Spring 2020 - ARCH 100 D100
Ancient Peoples and Places (3)
Class Number: 4329
Delivery Method: In Person
A broad survey of human cultural development from the late Palaeolithic/PalaeoIndian periods (ca 40,000 BP) to the rise of civilization and empires, in both the Old and New Worlds. Breadth-Social Sciences.
When does artwork first appear, and what did it mean? Did the Nazca peoples of Peru really construct giant lines on the desert floor so these could be observed from above? Was corn really domesticated to make alcohol? What caused the highly advanced Classic Maya civilization to collapse (and did this really happen)? This course offers students a glimpse into the human past, from the outcompeting of our Neandertal cousins to the rise of ancient civilizations. Along the way, we will cover topics ranging from the spread of humans into the Americas to the development of food production; from the earliest writing to the creation of Stonehenge and other monuments; from the creation of ancient calendar systems to the practice of human sacrifice. Cultures discussed include the Egyptians, Maya, Mesopotamians, cliff dwellers of the American Southwest, the earliest dynasties in China, the Moche and Inca civilizations of the Andes, and the Minoans and Myceneans of Greece.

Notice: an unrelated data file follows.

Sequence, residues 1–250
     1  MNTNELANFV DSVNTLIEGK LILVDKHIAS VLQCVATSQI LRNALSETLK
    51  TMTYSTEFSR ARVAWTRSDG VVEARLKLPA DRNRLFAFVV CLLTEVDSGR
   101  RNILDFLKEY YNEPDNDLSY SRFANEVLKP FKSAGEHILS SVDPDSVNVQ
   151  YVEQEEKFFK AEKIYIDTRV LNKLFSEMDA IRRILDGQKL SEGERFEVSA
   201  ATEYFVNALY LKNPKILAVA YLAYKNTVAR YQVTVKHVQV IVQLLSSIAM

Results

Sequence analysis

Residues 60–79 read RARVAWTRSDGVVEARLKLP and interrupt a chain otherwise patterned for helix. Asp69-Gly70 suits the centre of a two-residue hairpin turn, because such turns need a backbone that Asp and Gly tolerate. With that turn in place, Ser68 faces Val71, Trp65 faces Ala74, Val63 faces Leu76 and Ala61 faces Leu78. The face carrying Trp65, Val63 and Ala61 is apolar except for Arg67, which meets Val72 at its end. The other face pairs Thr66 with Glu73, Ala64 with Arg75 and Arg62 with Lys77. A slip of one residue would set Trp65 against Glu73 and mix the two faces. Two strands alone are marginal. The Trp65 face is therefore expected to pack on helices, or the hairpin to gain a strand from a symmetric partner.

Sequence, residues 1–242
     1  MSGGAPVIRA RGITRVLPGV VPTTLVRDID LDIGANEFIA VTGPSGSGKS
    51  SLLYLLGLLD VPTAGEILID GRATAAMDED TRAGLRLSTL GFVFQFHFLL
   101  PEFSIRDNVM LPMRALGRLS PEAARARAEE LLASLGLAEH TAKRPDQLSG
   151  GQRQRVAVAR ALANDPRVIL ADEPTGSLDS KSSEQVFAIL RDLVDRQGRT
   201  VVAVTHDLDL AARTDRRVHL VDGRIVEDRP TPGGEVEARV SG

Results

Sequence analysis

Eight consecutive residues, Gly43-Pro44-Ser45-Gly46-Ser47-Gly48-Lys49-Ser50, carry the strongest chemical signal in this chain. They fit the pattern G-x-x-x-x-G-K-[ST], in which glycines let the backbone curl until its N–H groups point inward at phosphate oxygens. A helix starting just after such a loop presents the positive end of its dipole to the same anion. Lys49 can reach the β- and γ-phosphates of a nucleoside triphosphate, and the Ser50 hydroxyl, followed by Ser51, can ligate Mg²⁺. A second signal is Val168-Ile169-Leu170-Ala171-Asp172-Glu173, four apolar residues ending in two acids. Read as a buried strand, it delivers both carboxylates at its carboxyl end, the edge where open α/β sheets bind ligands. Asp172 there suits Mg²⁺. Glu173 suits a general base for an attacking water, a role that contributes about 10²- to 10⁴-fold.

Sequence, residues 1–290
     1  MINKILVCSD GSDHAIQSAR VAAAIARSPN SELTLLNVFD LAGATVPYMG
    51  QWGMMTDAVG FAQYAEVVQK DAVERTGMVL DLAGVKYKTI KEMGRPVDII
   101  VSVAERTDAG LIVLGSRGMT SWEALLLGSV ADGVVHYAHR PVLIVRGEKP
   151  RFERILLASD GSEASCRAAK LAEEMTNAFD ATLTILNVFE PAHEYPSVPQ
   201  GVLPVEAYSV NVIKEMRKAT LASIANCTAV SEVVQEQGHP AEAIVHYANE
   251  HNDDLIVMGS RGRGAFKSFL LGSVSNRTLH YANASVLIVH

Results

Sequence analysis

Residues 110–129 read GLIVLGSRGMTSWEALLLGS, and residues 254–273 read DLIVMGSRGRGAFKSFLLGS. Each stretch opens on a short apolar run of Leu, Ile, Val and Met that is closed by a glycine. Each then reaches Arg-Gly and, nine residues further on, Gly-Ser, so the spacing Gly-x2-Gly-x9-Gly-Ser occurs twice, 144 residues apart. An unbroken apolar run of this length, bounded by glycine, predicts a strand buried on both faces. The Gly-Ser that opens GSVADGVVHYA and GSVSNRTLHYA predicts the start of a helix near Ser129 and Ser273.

- Exam I 33%
- Exam II 33%
- Final Exam 34%
Breadth: Social Sciences
None. This course does not have a textbook. Instead, a variety of outside sources, including articles, short videos, and web resources will be provided on Canvas for each course module.
Department Undergraduate Notes:
Students with hidden or visible disabilities who believe they may need classroom or exam accommodations are encouraged to register with the SFU Centre for Students with Disabilities (1250 Maggie Benston Centre) as soon as possible to ensure that they are eligible and that approved accommodations and services are implemented in a timely fashion.
Deferred grades will be given only on the basis of authenticated medical disability.
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Each student is responsible for his or her conduct as it affects the University community. Academic dishonesty, in whatever form, is ultimately destructive of the values of the University. Furthermore, it is unfair and discouraging to the majority of students who pursue their studies honestly. Scholarly integrity is required of all members of the University. http://www.sfu.ca/policies/gazette/student/s10-01.html
ACADEMIC INTEGRITY: YOUR WORK, YOUR SUCCESS